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On signing the 2005 Defense Appropriations Act, President Bush stated that “[t]he executive branch shall construe Title X in Division A, relating to detainees, in a manner consistent with the constitutional authority of the President to supervise the unitary executive branch and as Commander in Chief and consistent with the constitutional limitations on the judicial power which will assist in … protecting the American people from further terrorist attacks.” Whatever implications lurk in the language of such a statement, President Bush has no delegated or inherent authority to suspend, change, or ignore the reach of duties set forth in the 2005 legislation.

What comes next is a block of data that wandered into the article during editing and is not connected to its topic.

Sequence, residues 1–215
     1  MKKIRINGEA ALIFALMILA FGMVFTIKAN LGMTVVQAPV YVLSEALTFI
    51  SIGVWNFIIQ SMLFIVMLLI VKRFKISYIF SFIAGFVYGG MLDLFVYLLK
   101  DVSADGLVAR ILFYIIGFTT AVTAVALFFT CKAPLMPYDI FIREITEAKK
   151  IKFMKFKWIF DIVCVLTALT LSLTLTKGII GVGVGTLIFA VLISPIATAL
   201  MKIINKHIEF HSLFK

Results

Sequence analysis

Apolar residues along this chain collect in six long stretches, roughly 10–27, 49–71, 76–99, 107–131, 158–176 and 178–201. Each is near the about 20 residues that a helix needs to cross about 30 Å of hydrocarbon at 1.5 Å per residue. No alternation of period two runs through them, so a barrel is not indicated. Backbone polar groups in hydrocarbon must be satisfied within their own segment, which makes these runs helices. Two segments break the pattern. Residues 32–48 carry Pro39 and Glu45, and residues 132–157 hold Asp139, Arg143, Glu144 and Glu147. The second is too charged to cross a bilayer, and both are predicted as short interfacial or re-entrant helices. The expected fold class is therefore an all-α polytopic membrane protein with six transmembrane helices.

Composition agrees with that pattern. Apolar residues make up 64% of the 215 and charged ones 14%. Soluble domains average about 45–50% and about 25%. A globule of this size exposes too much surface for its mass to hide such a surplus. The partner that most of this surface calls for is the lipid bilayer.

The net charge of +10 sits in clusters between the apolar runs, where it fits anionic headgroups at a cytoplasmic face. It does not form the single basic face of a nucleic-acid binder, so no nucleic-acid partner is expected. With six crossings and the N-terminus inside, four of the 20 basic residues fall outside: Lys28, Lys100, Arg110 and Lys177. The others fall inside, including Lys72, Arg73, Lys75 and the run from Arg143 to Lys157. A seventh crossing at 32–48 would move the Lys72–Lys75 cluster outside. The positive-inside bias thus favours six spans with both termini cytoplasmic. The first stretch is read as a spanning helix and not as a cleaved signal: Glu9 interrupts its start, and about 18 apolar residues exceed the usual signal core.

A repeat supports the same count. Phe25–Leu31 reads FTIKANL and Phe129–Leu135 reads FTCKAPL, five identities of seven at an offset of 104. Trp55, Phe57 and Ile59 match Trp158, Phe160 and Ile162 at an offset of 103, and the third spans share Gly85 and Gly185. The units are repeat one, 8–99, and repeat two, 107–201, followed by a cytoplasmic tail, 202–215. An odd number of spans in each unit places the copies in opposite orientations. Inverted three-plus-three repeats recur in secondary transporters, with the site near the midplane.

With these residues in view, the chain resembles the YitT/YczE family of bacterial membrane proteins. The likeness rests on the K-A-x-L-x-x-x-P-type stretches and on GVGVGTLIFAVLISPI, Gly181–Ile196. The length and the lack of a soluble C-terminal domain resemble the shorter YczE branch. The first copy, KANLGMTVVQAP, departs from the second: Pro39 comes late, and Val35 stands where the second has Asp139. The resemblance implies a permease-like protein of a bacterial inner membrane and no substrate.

First, the President is expressly and unavoidably bound by the Constitution to faithfully execute the laws, including the 2005 Act and relevant international law, especially the laws of war. Second, Supreme Court opinions have recognized since 1800 that Congress has constitutionally based power to place limits on certain commander in chief powers during actual war. More generally, the Court also has recognized that the President's foreign relations power can “be regulated by treaty or by act of Congress … and [if regulated thusly, must] be executed by the executive” in accordance with the treaty or legislative limitations.
Although there are many relevant judicial opinions concerning the reach of congressional authority, those in two early Supreme Court decisions are especially enlightening.